The best hiding place often lies behind enemy lines, as many bacteria such as the pathogens responsible for tuberculosis or typhoid have realized. They invade immune cells and can survive there, well hidden, for some time. To eliminate such invaders, the host macrophages can initiate a suicide program. Together with researchers at the Novartis Institute for Biomedical Research and ETH Zurich, the team led by Prof. Sebastian Hiller from the Biozentrum at the University of Basel has shown for the first time that a "death protein" perforates the cell membrane, resulting in macrophage bursting open. The re-exposed pathogens can then again be fought by the immune system.
Gasdermin D: Executioner in the cell
Tiny cell components of invading pathogens are recognized by receptors inside macrophages. These, in turn, activate a signaling cascade, which triggers an inflammatory response and initiates pyroptosis -- a specific form of programmed cell death. "Some studies have already demonstrated that the protein gasdermin D plays a central role in pyroptosis," explains Prof. Petr Broz, one of the main authors of the study. "We have now discovered how gasdermin drives immune cells to suicide and using cryo-electron and atomic force microscopy we could visualize the pores in the cell membrane."
The protein gasdermin D is at the end of a long signaling pathway. Intracellular receptors recognizing foreign bacterial components induce the assembly of the inflammasome. This protein complex, in turn, activates enzymes that generate active gasdermin fragments by proteolytic cleavage. "In the macrophages, gasdermin D is the executioner, which carries out the death sentence," says Hiller, clarifying the role of the protein. "The cleaved gasdermin D fragments rapidly target the cell membrane of macrophages and permeabilize it by forming a pore. The porous membrane leads to cell swelling and bursting."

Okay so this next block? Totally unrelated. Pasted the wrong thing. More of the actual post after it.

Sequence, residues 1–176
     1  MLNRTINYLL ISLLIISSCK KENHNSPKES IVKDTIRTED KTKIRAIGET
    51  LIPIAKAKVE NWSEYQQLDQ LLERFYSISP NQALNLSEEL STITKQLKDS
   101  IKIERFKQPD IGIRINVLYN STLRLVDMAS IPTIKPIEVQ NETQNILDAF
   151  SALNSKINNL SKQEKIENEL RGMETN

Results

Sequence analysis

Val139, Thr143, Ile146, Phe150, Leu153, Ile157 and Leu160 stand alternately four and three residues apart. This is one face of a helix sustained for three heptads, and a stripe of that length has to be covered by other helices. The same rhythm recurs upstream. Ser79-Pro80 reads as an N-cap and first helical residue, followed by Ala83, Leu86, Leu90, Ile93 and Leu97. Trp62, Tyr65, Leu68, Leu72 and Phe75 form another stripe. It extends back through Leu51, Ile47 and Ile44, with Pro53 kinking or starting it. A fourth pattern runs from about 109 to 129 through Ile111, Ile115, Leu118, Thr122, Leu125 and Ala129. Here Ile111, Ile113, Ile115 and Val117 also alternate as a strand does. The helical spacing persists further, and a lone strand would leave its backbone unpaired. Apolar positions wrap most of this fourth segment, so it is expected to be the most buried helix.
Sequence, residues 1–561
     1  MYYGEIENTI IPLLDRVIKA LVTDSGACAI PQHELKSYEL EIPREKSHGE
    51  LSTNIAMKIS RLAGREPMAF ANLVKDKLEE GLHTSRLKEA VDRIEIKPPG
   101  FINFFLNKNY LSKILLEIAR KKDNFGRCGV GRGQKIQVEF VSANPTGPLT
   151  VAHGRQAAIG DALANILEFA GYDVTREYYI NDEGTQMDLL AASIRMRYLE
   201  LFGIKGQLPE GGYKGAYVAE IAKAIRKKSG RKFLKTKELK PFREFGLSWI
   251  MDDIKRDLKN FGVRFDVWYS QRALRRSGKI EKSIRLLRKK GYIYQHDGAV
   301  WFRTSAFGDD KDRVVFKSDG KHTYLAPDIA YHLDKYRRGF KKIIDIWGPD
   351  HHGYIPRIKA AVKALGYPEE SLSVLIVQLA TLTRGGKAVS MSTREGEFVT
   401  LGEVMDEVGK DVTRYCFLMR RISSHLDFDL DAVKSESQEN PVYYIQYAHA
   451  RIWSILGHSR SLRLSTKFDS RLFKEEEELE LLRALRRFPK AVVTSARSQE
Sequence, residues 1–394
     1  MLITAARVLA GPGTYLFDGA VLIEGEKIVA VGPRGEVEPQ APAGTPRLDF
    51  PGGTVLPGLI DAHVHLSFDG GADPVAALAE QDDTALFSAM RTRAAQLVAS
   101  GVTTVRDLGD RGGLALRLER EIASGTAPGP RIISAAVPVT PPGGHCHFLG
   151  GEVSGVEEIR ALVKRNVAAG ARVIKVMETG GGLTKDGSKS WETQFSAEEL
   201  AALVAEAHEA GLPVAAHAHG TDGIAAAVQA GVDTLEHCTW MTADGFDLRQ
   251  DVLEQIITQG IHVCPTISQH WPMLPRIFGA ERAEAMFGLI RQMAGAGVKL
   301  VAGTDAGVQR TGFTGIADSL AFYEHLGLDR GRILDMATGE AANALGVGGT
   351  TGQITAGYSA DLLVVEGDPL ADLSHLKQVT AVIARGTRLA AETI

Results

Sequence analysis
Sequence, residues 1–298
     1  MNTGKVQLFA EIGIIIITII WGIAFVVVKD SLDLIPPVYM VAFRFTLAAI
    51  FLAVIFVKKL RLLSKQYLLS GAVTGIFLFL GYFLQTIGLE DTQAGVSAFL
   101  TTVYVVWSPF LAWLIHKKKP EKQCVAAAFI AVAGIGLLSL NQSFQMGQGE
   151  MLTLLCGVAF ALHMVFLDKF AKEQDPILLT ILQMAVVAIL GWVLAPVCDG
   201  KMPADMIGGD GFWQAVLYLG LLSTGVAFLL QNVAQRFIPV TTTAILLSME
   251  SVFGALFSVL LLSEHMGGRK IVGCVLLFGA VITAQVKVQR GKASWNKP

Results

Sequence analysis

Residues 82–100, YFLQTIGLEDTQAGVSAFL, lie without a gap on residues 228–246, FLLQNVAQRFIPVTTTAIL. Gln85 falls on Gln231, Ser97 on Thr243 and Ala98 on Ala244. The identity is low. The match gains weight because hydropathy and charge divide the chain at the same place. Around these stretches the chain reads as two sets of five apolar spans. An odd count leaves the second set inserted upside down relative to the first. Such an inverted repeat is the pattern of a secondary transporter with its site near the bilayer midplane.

Gasdermins cooperate in cell suicide
With gasdermin D, the researchers have not only identified the protein that deals a deathblow to immune cells, but they could also visualize pore formation using high-resolution microscopy techniques. As it turns out, following the cleavage of gasdermin D only one of the two fragments is required for the seamless integration into the cell membrane. So far, only little is known about the gasdermin family of proteins, which along with gasdermin D includes five other members. In the future, Hiller's team aims to investigate the structure and function of several gasdermins to determine whether and how they cooperate in pore formation and to identify the physiological context in which these proteins induce pyroptotic cell death.
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